Islam preaches war against "infidels" and violence against those who don't follow the rules of Islam. That's not very peaceful. And Muslim leaders around the world encourage anti-Americanism – as well as hostility to Christians and Jews. Not so tolerant.
Despite extensive business dealings between Muslims and non-Muslims, many Muslim religious leaders foment a culture of hatred and violence. The problem is that they quote scripture and verse. And they are supported by a legal system.
Sharia (Islamic) Law mandates violent Jihad as a religious obligation, and extreme punishments for those who insult Islam, or violate its precepts. Moreover, since there is no central authority in Islam and there are conflicting factions, it is difficult to determine who makes these laws, and how they should be applied.
Where does Islam stand on terrorism, for example? Well, it depends on your definition – if you have one. As they say: "One man's terrorist …"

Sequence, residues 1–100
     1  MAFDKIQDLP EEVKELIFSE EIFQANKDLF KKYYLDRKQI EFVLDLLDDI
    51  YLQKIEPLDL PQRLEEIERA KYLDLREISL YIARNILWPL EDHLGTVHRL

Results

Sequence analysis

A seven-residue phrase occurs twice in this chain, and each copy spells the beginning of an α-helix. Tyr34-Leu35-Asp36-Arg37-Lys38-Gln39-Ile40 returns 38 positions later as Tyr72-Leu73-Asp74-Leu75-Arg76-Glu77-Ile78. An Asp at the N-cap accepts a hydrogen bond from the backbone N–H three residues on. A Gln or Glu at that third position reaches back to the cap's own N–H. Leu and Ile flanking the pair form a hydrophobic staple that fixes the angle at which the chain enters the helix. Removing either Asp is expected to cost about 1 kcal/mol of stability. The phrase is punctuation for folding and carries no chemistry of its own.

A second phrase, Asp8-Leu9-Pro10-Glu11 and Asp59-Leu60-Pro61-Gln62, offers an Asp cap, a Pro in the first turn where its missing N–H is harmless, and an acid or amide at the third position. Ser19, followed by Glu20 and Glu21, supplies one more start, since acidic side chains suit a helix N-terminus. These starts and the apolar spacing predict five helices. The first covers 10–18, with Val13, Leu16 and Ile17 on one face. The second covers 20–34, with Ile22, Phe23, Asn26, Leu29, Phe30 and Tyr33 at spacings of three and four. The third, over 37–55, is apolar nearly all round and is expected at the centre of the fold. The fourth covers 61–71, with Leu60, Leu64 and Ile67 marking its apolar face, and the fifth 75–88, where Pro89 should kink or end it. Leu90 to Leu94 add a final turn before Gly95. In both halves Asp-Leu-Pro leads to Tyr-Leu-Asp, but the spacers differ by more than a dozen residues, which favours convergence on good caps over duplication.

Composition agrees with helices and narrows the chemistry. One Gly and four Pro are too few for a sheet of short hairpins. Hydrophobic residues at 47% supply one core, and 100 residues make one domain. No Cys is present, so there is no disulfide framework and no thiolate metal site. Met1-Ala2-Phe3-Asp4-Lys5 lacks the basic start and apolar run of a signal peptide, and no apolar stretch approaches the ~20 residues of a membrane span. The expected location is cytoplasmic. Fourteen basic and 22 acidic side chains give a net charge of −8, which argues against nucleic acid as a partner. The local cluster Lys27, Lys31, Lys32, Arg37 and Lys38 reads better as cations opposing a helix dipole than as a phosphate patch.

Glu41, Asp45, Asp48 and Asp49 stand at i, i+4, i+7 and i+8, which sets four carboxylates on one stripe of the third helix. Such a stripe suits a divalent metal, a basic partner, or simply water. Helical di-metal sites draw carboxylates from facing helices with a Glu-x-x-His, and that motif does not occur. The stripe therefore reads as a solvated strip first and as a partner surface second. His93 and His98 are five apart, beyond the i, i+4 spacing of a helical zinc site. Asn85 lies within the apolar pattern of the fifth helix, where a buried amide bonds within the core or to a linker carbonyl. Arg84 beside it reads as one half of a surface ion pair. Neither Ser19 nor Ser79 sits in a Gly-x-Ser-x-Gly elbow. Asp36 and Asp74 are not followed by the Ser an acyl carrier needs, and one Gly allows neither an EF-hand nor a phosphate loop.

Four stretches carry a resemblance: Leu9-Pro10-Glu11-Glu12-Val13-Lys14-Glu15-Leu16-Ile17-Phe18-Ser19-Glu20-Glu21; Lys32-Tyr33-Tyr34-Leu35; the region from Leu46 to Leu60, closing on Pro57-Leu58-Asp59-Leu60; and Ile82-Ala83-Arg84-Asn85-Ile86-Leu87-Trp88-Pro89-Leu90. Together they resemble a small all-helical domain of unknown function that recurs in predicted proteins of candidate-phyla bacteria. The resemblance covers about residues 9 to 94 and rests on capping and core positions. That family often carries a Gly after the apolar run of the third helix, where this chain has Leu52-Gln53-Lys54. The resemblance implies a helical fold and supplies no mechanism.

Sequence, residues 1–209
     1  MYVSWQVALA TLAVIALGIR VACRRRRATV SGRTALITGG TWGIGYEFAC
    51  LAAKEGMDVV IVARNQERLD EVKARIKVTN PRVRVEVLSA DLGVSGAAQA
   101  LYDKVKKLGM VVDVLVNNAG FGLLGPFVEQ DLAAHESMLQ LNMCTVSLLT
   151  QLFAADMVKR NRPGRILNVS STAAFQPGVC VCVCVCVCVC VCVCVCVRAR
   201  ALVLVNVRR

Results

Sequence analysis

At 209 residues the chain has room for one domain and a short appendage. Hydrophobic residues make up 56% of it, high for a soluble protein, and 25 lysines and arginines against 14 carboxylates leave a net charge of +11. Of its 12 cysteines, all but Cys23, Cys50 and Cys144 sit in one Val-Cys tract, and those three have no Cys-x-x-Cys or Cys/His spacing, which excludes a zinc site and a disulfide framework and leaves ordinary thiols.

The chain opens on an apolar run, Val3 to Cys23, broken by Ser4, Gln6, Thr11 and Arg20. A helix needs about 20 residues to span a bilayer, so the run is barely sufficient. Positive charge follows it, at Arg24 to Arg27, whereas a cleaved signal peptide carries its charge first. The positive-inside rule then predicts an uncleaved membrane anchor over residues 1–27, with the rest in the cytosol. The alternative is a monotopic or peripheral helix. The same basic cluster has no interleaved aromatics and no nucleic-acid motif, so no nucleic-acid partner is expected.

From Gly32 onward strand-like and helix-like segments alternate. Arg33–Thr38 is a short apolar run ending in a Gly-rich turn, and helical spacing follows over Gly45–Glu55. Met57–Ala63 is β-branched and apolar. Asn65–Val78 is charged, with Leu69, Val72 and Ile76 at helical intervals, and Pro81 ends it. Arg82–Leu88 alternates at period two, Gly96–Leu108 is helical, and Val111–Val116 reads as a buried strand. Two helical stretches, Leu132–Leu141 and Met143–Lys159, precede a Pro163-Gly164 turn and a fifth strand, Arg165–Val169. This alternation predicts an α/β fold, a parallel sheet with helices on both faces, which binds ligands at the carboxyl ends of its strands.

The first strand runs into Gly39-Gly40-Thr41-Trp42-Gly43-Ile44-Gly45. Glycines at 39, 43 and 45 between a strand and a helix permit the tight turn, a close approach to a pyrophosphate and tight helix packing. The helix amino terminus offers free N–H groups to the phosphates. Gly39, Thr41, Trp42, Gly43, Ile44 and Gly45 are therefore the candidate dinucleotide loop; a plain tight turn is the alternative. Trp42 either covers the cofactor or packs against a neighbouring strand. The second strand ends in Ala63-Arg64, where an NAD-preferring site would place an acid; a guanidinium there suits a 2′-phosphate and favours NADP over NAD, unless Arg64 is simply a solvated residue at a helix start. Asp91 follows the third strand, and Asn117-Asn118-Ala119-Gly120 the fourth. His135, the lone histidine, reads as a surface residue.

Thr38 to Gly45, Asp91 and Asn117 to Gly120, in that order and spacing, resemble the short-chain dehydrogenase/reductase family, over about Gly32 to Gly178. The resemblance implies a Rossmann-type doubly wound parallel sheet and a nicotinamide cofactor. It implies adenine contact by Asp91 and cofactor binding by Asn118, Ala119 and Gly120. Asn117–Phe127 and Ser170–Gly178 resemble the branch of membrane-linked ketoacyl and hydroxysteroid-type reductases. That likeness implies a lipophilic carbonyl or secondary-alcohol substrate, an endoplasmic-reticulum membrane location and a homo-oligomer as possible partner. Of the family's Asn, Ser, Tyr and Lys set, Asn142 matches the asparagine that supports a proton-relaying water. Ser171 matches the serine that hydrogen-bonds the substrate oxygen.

We need to know what Islam is. The failure to answer these fundamental questions lies behind the distrust of Muslims and suspicions about what Islam teaches. The crucial distinctions, therefore, may not be between "moderates" and "radicals," but those who are more radical than others – since they all use the same source, the Koran. With so many people in positions of authority, no one is, and it's chaos.
These questions need to be clarified.
We should be tolerant, open and respectful, but not stupid. That's why we keep asking!
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More Quotes About "Palestine"